Three Ideas for Post-Coronavirus Educational Recovery
There are many ways that schools can proactively address the inevitable and inequitable gaps caused by coronavirus-related school closures.
Educational Review / April 2020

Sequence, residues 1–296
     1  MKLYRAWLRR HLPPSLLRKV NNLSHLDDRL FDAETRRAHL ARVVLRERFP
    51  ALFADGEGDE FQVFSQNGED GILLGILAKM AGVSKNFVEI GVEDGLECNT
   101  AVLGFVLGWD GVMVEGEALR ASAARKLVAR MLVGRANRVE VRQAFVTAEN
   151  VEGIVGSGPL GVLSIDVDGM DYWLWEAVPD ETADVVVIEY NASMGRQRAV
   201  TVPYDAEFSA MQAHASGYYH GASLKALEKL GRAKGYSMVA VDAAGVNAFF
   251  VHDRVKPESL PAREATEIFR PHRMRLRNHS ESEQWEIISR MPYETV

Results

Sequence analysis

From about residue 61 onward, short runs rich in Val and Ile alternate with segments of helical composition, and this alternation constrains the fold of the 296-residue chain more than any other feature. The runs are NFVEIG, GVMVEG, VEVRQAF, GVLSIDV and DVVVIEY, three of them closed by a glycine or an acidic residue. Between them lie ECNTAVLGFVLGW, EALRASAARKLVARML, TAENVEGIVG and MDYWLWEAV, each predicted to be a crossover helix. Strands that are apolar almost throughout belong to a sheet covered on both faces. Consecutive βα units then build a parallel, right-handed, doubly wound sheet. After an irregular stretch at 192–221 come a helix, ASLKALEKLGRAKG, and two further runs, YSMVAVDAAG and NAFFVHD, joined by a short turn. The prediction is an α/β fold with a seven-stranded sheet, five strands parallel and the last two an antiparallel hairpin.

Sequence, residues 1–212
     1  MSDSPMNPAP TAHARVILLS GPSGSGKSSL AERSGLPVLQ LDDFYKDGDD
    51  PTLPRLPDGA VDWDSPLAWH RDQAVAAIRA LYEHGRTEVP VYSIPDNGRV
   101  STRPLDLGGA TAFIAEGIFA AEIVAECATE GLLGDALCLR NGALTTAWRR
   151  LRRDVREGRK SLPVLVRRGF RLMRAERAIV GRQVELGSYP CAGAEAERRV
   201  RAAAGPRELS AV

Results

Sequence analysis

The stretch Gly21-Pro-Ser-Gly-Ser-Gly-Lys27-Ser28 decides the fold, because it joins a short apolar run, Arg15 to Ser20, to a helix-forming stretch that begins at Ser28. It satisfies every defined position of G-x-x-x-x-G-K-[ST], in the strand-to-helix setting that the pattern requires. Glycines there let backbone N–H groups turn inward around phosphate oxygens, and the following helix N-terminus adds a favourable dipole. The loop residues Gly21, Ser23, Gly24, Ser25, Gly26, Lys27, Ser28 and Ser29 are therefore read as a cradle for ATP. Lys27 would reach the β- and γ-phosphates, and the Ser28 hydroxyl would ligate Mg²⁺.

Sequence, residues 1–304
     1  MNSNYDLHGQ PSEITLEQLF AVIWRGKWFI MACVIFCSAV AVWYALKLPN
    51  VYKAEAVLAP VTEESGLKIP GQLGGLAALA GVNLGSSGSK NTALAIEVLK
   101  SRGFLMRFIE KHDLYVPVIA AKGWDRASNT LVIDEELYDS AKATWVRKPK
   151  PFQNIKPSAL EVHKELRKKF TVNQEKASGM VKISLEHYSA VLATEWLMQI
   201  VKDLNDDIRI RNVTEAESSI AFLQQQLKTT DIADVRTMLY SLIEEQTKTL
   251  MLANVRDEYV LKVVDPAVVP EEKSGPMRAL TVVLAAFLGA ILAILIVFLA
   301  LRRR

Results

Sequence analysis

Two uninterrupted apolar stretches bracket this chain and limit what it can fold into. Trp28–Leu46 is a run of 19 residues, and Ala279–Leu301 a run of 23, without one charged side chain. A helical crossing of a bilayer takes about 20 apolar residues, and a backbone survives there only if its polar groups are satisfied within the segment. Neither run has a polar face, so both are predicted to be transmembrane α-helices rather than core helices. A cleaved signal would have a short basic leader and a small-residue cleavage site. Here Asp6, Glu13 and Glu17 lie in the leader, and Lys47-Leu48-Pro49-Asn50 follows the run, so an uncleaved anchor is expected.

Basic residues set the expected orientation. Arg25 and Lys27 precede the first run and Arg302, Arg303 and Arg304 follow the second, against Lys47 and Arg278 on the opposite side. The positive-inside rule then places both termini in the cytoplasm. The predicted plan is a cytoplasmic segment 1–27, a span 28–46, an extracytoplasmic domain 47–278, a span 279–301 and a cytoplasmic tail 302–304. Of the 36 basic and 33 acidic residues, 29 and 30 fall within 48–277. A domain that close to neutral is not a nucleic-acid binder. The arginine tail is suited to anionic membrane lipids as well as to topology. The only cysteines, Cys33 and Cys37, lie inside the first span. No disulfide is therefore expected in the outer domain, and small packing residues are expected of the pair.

Universities have increasingly adopted “first-generation status” as a new category for addressing equity in higher education, especially in the UK and Australia. This category targets students whose parents do not have a university degree and therefore are “newcomers” to higher education. While the category is well-intentioned, given the persistence of inequitable enrolment patterns and the need to widen participation, it has resulted in a fairly narrow and limiting view of first-generation students. Typically, students have been set in binary opposition to their peers with university-educated parents and consequently positioned within deficit discourses – as sharing a similar set of “problems” that need to be remedied by policy and practice. This paper problematises such a totalising depiction of first-generation entrants by examining diversity within the category rather than simply demarcating differences from their continuing-generation peers. Drawing on focus group data from 198 prospective first-generation students enrolled in government schools in New South Wales, Australia, we utilise the Bourdieusian lens of social capital to explore the multiple social networks within which young people are situated. We propose a new continuum that better captures how students are differentially positioned in social space, and identify three clusters based on their capacity to mobilise capital – “inheritors”, “opportunists”, and “outsiders”. In so doing, we unsettle the symbolic boundary around what it means to “be first”, and argue that this more nuanced reconceptualisation of first-generation entry is critical if the category is to be a meaningful vehicle for redressing historical exclusions and widening participation in higher education.